The elderly are rapidly becoming a bigger share of China’s population because of a policy begun in 1979 and only recently relaxed that limited couples to one child.
China is considering raising its retirement ages. But the government would likely meet resistance.
THE END OF TRADITIONAL PENSIONS
Corporations, too, are cutting pension costs by eliminating traditional defined-benefit plans. They don’t want to bear the cost of guaranteeing employees’ pensions. They’ve moved instead to so-called defined-contribution plans, such as 401(k)s, in the United States. These plans shift responsibility for saving to employees.
But people have proved terrible at taking advantage of these plans. They don’t always enroll. They don’t contribute enough. They dip into the accounts when they need money.
They also make bad investment choices — buying stocks when times are good and share prices are high and bailing when prices are low.
Several countries are trying to coax workers to save more.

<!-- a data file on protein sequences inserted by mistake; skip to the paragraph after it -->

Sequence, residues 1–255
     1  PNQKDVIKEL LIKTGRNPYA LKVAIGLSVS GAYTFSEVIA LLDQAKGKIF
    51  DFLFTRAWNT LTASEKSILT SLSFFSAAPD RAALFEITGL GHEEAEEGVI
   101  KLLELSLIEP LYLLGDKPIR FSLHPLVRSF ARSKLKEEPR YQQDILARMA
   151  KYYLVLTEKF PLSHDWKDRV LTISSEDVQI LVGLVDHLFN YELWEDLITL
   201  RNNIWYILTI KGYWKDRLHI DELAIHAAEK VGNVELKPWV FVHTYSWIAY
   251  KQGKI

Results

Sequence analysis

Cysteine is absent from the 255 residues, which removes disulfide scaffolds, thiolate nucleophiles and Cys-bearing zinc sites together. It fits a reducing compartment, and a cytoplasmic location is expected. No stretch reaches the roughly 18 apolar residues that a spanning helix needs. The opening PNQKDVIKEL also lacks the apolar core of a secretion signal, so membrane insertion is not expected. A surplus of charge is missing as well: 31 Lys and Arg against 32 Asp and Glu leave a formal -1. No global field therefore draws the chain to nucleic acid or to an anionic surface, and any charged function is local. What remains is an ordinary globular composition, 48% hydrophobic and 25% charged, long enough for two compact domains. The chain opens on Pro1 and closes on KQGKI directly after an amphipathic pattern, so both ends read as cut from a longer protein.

Australia passed a law in 1993 that makes retirement savings mandatory. Employers must contribute the equivalent of 9.25 percent of workers’ wages to 401(k)-style retirement accounts.
In 2006, the United States encouraged companies to require employees to opt out of a 401(k) instead of choosing to opt in. That means workers start saving for retirement automatically if they make no decision.
EASING THE PAIN
Rebounding stock prices and a slow rise in housing prices are helping households recover their net worth. In the United States, retirement accounts hit a record $12.5 trillion the first three months of 2013.
But Boston College’s Center for Retirement Research says the recovery in housing and stock prices still leaves about 50 percent of American households at risk of being unable to maintain their standard of living in retirement.
When they look into the future, retirement experts see more changes in government pensions and longer careers than many workers had expected: